There are a lot of crazy ideas that get floated around Hollywood, but this one about movies being rented on demand while they are still in the theater is getting nuttier by the minute.
Back on May 10th we reported how the FCC had cleared the way for movies to be rented on TVs shortly after they hit theaters, and would allow the studios to disable television outputs so there would be no way to record them. Well, cable companies such as Time Warner wasted no time in pitching the studios on a full concept.
According to The Wall Street Journal, Time Warner has made proposals to Time Warner Inc.’s Warner Bros., Walt Disney Co.’s Disney Studios, General Electric Co.’s Universal Pictures, Sony Corp.’s Sony Pictures, Viacom Inc.’s Paramount Pictures and News Corp.’s Twentieth Century Fox. The idea is that a month after a movie hits the theater, it would be available as a video on demand (VoD) rental via your cable provider for between $20 and $30. Some see this as a boon to consumers due to increasing theater ticket prices as of late, but what it would do to the theaters themselves could be devastating if this ever caught on.
Movie theaters have already been in a fight as of late to save themselves, and earlier this year got upset with Disney when the company said it would release Tim Burton’s Alice in Wonderland on DVD and Blu-ray 12 weeks after it went to theaters as opposed to the usual 16 week delay. Disney may be wanting to reconsider this idea on the news that on May 27th, a mere five days before the DVD release, the film had crossed the th3 $1 billion dollar intentional gross level, making it only the sixth film to do so in history.
Considering that Alice in Wonderland released on March 5th, that means on April 4th people could have started renting at home under this new system. Now say a family of four rents the film, even at $30, in a large number of big cities, the studio would come out behind on the take. The theaters themselves would lose out on their small percentage of the ticket sales, and they would lose out on their over-priced concession sales. The only potential winner in this equation, as I see it, is the consumer, which makes me wonder what part of this whole thing we’re missing because we know large companies never do anything that benefits us and gains them nothing.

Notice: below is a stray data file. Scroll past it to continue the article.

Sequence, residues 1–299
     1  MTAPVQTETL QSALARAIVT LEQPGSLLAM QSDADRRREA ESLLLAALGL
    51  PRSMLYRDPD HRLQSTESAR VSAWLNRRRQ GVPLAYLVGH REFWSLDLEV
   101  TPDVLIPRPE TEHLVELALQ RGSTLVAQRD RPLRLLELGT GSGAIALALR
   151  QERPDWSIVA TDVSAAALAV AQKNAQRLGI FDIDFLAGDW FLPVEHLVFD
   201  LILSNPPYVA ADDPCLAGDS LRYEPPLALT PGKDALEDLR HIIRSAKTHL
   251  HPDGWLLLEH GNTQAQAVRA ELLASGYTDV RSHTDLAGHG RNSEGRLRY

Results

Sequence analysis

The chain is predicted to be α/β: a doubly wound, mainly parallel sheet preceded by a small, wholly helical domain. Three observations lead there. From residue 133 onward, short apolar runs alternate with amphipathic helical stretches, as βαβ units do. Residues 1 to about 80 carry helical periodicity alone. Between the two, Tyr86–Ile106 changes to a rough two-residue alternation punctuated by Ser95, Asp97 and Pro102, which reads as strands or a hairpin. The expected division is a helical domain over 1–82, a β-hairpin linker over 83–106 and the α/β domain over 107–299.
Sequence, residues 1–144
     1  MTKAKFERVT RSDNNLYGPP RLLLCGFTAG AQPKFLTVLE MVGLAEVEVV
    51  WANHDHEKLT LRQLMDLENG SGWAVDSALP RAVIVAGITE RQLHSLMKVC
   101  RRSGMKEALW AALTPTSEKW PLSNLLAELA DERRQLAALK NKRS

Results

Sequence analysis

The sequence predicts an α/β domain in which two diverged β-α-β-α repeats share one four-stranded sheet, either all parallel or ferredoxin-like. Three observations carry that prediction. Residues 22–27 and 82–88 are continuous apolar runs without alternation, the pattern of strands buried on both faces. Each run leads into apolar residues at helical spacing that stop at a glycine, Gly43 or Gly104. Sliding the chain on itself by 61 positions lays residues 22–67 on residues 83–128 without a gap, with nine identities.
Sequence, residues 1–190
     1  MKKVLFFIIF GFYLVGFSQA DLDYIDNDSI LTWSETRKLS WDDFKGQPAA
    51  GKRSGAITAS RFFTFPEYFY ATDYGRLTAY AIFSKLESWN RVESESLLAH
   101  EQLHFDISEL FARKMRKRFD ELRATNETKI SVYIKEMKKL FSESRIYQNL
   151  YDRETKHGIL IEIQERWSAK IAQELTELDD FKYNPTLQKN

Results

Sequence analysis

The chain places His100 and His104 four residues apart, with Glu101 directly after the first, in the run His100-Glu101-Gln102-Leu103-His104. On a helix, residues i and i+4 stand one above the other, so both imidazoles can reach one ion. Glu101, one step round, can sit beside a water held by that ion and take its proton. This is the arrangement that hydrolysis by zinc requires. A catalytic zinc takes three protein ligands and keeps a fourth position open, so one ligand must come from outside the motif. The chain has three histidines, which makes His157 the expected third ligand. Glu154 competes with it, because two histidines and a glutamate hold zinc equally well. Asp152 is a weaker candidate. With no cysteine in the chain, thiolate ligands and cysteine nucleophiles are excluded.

As for the shortening of the DVD release window, Disney may come to regret that decision as Alice in Wonderland is still making money in the theaters, would another four week delay have really killed any potential sales to the home video market?
For some reason it seems everyone is determined to cut the theaters out of the movie business equation. Some have used the concept that either of these moves would cut down on piracy, but does anyone really think this will impact BitTorrent trading? It won’t stop one single download, and anyone who says it actually will is either lacking intelligence or using it as a lie to cover up some other reason they favor these new moves.
The theater experience is imperfect to say the least, but it has served the movie studios and consumers for decades now. There is still something to be said for seeing some movies in a theater, and seeing as I live in a town where a matinée is only $5.75, you would never catch me paying $30 to watch it on demand in my family room.
Hollywood regularly falls in love with new technologies, embraces them and then finally go, “Does the consumer even want this?” Anyone remember video discs, the predecessor to laser discs? If you thought laser discs were a flop, boy howdy would you get a chuckle out of the video discs.
All I’m trying to say is, if it isn’t broke, don’t “fix it”, and that is exactly what is being discussed right now by the cable companies and the studios. Theater release followed by home video and on demand releases have worked for ages now, why change the symmetry of it all? Change the physical/digital formats all you want, but there is no need for a change to the release schedules.